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Key Messages

GENERAL:

Brexit is happening and things are going to change

  • The UK is leaving the EU, so regardless of the kind of future trading relationship agreed between the EU and the UK, there will be customs procedures and regulatory requirements along agri-food supply chains. These are likely to give rise to additional costs and processing times.  

Government is working to minimise friction and disruption

  • The Government’s objective in the negotiations is to secure trading arrangements in the future that are as close as possible to those that pertain today. From a fisheries perspective, the Government is also working to ensure that current access to UK waters, as well as sharing arrangements in relation to fish stocks, are maintained post-Brexit.

BUSINESSES:

Know your markets and supply chains, and plan accordingly

  • If you export agri-food products to the UK, review your supply chain and avail of the advice and supports from agencies such as Bord Bia, Bord Iascaigh Mhara and Enterprise Ireland on issues that you will need to consider in preparing for Brexit (for example, potential customs requirements and market diversification options).

Know the Legislative Requirements

  • Compliance with new regulatory requirements may become necessary in respect of exports to the UK post-Brexit. Although this is not currently planned by the UK for many regulated products, be aware of developments in this area and of the implications for your business.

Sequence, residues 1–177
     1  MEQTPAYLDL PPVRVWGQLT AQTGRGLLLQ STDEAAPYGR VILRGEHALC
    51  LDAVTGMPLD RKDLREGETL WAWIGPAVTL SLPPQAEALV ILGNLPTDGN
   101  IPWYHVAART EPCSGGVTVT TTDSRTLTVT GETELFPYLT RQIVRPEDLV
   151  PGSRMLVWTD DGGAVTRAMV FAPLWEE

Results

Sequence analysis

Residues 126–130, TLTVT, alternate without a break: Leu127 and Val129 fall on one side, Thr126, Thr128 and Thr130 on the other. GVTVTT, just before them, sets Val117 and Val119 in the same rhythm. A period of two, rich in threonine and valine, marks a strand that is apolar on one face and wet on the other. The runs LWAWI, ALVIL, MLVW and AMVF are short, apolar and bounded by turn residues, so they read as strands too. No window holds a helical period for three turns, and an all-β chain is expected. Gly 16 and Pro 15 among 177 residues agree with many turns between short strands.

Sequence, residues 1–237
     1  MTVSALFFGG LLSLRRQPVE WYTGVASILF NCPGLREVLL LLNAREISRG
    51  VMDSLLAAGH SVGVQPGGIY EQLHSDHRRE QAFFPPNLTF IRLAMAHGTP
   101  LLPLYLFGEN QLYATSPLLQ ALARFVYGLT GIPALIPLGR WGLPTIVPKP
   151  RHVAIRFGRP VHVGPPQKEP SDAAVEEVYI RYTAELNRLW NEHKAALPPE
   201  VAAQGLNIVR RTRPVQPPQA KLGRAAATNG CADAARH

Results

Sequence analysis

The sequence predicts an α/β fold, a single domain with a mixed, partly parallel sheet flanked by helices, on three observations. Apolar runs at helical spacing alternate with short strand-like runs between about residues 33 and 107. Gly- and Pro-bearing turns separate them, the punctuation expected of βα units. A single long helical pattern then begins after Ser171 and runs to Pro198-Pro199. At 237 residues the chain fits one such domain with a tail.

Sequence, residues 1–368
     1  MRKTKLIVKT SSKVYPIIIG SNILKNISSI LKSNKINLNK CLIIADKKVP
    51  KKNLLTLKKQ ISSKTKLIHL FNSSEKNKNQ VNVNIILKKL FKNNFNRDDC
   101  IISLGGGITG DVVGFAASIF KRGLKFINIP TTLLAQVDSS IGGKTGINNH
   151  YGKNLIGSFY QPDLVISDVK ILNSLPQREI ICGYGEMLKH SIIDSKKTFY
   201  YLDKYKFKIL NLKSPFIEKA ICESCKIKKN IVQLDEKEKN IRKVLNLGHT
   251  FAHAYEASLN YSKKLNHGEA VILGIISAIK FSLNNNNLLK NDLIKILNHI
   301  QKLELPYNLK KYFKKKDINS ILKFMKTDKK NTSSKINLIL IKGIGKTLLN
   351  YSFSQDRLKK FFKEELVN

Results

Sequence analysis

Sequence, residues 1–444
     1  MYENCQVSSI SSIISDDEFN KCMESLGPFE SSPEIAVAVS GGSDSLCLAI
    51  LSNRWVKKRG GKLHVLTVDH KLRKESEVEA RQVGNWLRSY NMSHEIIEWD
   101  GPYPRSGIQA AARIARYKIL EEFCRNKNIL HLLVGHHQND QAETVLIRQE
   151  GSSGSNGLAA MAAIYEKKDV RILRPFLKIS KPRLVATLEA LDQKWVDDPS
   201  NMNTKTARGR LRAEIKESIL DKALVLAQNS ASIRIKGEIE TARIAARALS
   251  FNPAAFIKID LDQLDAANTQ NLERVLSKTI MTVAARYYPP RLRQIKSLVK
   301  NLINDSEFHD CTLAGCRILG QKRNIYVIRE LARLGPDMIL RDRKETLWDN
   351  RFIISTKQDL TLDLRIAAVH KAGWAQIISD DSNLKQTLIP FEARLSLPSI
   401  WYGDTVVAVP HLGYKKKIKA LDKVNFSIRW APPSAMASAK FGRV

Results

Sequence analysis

• If you import agri-food products (animals, plants, food, feed, germinal products or animal by-products) from the UK, you will need to comply with EU regulations governing imports of such products from Third countries, as well as in relation to wood packaging material.
  • EU Regulations will require such products to come from approved countries and establishments listed to export to the EU, to be accompanied by health or phytosanitary certificates in the majority of cases, and to be presented for checking at a designated Border Control Post (BCPs). Under the new legislation current Border Inspections Posts (BIPs) will be referred to as Border Control Posts (BCPs)
  • Other, more specific, rules may also apply, depending on the category of goods or animals. Further details in this regard may be obtained from DAFM, and from the Sea Fisheries Protection Authority.

 

PRODUCERS:

Maintain focus on efficiency

  • Brexit underlines the need for producers to continue to maximise efficiency, including by availing of the various supports under schemes operated by the DAFM, as well as the low-cost financing facilities that are being made available through financial institutions.